The seventh chapter covers the smelting of iron ores, the production of wrought iron and the ways in which this can be converted into steel. Craddock's inclusion of a curiously-shaped furnace from Sri Lanka illustrates the perils of reconstructing ancient furnaces from negative features (and of constructing typologies based on this limited evidence).
The final chapter summarises the processes used in the production of volatile metals, i.e. those which, at the temperatures required to reduce them, are present as gases.
Early Metal Mining and Production provides a clear summary of the present state of knowledge of many aspects of ancient metal technology. It is largely free from technical terms and concepts and so is accessible to general readers. Nevertheless, it will be of particular interest to students of archaeometallurgy.
This book, however, does suffer from two drawbacks: the focus on technology to the exclusion of other social factors and its overall scope. Technology is treated as an entity separate from social and economic issues. As a result, the 'really big' questions (why did people start to use metals, why does technology change ?) are not explored. Only when technology is placed within its social, economic and symbolic context will such issues be addressed. It also does not cover the production of all metals in all areas of the world, although such a book would be very long and perhaps beyond the competence of a single author. The early iron and zinc industries of China and India are covered but copper is not. The use of native copper in North America is explored in some detail but the smelting and alloying technology of South America is barely mentioned. The criteria for choosing which areas, metals and eras were dealt with is not made clear.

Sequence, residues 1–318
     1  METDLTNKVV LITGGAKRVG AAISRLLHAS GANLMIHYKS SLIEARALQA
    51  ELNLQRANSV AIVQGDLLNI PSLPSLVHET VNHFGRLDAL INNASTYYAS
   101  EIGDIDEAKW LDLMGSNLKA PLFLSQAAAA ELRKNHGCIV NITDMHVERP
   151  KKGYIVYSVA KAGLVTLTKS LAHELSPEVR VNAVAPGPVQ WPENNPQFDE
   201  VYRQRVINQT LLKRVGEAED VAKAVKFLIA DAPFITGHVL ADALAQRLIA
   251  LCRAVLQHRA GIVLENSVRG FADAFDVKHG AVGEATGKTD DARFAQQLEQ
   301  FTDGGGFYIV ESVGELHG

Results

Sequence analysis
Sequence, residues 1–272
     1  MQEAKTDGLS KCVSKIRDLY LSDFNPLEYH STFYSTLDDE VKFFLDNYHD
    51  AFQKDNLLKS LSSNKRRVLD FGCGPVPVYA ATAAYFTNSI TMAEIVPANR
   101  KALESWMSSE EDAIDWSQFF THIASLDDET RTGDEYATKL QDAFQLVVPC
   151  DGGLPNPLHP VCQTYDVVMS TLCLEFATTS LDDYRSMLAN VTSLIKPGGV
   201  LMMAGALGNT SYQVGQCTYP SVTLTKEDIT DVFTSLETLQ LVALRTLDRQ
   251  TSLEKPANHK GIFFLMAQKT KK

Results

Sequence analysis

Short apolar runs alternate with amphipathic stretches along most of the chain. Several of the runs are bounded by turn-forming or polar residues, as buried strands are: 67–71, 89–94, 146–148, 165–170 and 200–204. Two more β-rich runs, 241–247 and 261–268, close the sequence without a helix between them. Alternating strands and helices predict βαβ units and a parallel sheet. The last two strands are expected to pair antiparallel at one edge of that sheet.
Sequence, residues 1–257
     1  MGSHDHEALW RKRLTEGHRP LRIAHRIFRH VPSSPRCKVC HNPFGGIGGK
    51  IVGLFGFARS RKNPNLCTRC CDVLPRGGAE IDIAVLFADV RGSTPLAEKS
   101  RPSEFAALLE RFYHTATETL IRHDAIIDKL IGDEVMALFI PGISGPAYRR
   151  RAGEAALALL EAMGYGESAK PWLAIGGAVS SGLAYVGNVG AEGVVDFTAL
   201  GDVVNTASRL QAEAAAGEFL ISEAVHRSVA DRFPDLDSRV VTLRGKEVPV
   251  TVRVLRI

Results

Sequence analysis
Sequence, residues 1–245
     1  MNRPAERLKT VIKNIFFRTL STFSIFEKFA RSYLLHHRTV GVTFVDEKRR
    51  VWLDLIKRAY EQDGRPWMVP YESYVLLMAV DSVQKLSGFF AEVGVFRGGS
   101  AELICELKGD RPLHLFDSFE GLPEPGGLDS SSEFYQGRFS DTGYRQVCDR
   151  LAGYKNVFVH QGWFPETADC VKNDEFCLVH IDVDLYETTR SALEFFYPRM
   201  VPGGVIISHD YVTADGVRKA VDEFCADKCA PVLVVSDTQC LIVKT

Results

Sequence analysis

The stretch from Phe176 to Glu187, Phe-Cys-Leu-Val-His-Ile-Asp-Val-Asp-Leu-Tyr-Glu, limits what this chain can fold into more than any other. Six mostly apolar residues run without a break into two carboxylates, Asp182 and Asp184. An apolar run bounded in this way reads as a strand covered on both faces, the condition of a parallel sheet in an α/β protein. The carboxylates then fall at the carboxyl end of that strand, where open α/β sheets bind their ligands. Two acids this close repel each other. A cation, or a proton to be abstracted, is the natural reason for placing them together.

Early Metal Mining and Production is a welcome summary of recent research on archaeometallurgy, especially the chapter on the earliest smelting technology in the Old World, and is sure to become a classic text. The book is written in a plain style which will make it accessible to non-specialists.
Craddock, P.T. 1986. Bronze age metallurgy in Britain. Current Archaeology 99: 106-109.
Tylecote, R.F. 1962. Metallurgy in Archaeology. London: Edward Arnold.
Tylecote, R.F. 1976. A History of Metallurgy. London: Institute of Metals.
Tylecote, R.F. 1986. The Prehistory of Metals in the British Isles. London: The Institute of Metals.
Tylecote, R.F. 1987. The Early History of Metallurgy in Europe. London: Longman.
Dr David Dungworth is a Teaching Fellow in Glass and Metals at the Department of Archaeology and Prehistory, University of Sheffield. He completed a degree in Ancient History and Archaeology at the University of Birmingham in 1991 and was awarded a PhD by the University of Durham in 1995 for research on Iron Age and Roman copper alloy use. This research has now been published online in issue 2 of Internet Archaeology.
© David Dungworth 1997